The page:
“At last, by the mercy of God, meditating day and night, I gave heed to the context of the words, namely, ‘In it the righteousness of God is revealed, as it is written,”‘He who through faith is righteous shall live.”‘ There I began to understand that the righteousness of God is that by which the righteous lives by a gift of God, namely by faith. And this is the meaning: the righteousness of God is revealed by the gospel, namely, the passive righteousness with which merciful God justifies us by faith as it is written, ‘He who through faith is righteous shall live.’ Here I felt that I was altogether born again and had entered paradise itself through open gates. There a totally other face of the entire Scripture showed itself to me. Thereupon I ran through the Scriptures from memory. I also found in other terms an analogy, as, the work of God, that is, what God does in us, the power of God, with which he makes us strong, the wisdom of God, with which he makes us wise, the strength of God, the salvation of God, the glory of God.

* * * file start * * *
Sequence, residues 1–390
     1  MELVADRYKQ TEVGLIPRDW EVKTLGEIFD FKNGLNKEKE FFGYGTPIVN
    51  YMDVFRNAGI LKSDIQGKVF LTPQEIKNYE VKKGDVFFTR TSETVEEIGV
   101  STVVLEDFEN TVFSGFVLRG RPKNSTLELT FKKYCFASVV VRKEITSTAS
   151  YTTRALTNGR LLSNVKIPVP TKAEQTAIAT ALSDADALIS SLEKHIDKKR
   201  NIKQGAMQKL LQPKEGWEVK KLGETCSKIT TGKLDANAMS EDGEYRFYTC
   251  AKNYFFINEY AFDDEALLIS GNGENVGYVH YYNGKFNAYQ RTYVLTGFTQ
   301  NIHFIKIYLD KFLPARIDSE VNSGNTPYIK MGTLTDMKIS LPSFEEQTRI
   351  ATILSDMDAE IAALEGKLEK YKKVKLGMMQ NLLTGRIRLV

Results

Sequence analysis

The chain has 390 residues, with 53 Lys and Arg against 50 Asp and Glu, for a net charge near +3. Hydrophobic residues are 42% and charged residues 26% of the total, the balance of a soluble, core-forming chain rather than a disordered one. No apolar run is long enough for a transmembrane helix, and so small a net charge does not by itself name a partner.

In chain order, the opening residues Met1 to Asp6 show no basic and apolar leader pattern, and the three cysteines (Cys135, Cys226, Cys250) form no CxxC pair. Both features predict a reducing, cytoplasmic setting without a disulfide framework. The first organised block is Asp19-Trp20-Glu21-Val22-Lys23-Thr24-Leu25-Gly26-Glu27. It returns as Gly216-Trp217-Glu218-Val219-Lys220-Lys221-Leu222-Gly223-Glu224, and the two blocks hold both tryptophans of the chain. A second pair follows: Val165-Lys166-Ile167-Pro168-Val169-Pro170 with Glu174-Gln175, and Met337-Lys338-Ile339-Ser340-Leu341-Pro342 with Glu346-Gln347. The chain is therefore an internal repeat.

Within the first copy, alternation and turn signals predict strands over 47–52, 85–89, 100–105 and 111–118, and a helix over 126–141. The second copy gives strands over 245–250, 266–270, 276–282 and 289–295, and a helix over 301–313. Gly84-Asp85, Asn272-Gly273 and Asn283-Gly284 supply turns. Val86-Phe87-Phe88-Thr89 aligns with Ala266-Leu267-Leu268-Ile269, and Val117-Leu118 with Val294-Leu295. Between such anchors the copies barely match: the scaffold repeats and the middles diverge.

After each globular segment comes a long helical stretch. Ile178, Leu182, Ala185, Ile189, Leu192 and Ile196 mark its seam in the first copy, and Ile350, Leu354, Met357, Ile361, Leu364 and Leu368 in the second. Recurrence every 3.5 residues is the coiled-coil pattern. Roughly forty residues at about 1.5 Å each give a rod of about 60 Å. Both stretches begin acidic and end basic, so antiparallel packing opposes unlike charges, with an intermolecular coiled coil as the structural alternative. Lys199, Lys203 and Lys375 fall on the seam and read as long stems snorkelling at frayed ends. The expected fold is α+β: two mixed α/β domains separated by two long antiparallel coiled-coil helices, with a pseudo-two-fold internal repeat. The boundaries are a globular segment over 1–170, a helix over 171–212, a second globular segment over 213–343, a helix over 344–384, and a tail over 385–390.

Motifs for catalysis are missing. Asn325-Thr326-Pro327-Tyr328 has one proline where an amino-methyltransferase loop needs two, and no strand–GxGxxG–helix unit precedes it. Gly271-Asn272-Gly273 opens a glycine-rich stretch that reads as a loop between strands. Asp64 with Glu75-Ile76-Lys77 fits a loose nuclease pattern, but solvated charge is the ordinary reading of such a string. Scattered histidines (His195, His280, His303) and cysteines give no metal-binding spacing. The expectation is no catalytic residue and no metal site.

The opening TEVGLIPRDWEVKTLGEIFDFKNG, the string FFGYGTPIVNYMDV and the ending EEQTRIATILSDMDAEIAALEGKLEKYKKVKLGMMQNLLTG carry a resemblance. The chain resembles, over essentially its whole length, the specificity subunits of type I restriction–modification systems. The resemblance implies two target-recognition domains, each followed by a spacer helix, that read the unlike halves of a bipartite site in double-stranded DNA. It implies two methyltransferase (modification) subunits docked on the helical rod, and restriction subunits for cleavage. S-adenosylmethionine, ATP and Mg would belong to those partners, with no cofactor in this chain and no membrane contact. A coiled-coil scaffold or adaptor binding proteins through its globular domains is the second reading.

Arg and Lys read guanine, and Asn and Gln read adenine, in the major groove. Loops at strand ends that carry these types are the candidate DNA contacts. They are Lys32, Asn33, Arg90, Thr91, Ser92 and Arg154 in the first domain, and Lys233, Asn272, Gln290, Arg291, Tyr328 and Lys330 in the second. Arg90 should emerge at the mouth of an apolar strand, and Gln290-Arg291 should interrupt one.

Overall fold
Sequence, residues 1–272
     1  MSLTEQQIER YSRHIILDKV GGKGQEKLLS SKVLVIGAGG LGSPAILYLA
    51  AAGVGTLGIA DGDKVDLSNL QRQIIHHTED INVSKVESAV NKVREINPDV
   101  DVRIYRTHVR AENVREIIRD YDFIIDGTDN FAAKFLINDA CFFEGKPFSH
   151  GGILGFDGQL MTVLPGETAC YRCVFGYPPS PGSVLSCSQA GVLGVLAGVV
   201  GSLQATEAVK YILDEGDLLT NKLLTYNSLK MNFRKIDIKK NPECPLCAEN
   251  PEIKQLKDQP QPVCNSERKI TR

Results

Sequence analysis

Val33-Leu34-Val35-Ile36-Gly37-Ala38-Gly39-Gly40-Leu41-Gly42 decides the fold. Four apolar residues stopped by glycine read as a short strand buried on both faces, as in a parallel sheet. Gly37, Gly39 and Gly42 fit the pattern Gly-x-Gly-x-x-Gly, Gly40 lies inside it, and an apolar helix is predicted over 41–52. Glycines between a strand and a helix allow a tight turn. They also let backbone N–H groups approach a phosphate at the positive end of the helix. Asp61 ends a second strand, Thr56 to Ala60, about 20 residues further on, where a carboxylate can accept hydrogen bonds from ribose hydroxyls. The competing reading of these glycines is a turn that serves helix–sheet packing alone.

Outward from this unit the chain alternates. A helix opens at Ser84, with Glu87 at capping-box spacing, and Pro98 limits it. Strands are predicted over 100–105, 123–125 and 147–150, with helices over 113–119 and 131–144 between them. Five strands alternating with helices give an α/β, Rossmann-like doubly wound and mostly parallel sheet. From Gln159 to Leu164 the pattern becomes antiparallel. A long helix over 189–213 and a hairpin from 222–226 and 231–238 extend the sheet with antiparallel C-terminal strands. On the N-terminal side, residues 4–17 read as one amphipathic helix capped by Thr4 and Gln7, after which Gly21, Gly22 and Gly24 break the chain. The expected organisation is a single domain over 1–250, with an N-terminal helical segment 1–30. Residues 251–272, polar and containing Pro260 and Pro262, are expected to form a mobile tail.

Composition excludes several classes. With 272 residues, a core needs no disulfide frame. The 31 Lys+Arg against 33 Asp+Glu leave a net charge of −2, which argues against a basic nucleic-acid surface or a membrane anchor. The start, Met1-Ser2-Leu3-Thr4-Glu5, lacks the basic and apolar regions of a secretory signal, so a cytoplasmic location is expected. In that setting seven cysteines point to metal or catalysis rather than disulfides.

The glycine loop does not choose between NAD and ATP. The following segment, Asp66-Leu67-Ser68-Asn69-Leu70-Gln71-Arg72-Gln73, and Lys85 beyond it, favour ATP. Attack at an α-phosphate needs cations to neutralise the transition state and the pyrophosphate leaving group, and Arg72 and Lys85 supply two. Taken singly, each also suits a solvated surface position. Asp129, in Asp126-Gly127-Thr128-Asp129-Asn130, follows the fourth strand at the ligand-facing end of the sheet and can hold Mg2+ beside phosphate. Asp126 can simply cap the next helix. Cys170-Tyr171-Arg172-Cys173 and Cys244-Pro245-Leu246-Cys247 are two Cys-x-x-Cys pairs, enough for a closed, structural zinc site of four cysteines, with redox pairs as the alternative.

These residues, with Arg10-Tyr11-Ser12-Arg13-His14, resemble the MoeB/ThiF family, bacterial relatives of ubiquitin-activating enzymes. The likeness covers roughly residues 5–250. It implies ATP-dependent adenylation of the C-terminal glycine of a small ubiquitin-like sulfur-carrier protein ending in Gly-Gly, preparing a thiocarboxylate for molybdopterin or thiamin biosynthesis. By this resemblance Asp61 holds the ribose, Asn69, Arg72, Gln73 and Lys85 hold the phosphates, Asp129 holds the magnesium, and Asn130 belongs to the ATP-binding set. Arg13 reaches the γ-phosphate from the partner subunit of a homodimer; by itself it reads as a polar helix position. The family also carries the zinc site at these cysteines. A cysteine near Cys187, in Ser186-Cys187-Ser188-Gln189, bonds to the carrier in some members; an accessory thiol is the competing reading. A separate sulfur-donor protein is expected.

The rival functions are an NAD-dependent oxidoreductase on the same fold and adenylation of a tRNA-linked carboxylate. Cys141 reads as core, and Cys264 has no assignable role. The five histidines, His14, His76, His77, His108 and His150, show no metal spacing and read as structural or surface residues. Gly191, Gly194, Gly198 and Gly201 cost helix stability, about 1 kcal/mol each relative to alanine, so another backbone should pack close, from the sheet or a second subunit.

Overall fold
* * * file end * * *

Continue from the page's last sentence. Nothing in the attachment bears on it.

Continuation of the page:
“And I extolled my sweetest word with a love as great as the hatred with which I had before hated the word ‘righteousness of God.’ Thus that place in Paul was for me truly the gate to paradise.”
– Martin Luther, Preface to Latin Writings
Today we celebrate the 498th anniversary of Martin Luther posting the 95 Theses on the Wittenberg Door. As you read this autobiographical account of Luther’s conversion, what do you think the legacy of Luther is today? Does the 21st century church still find itself being shaped by the justifying word of Christ as Luther found it in Romans? Or, have other teachings taken center stage?
Share your thoughts in the comments below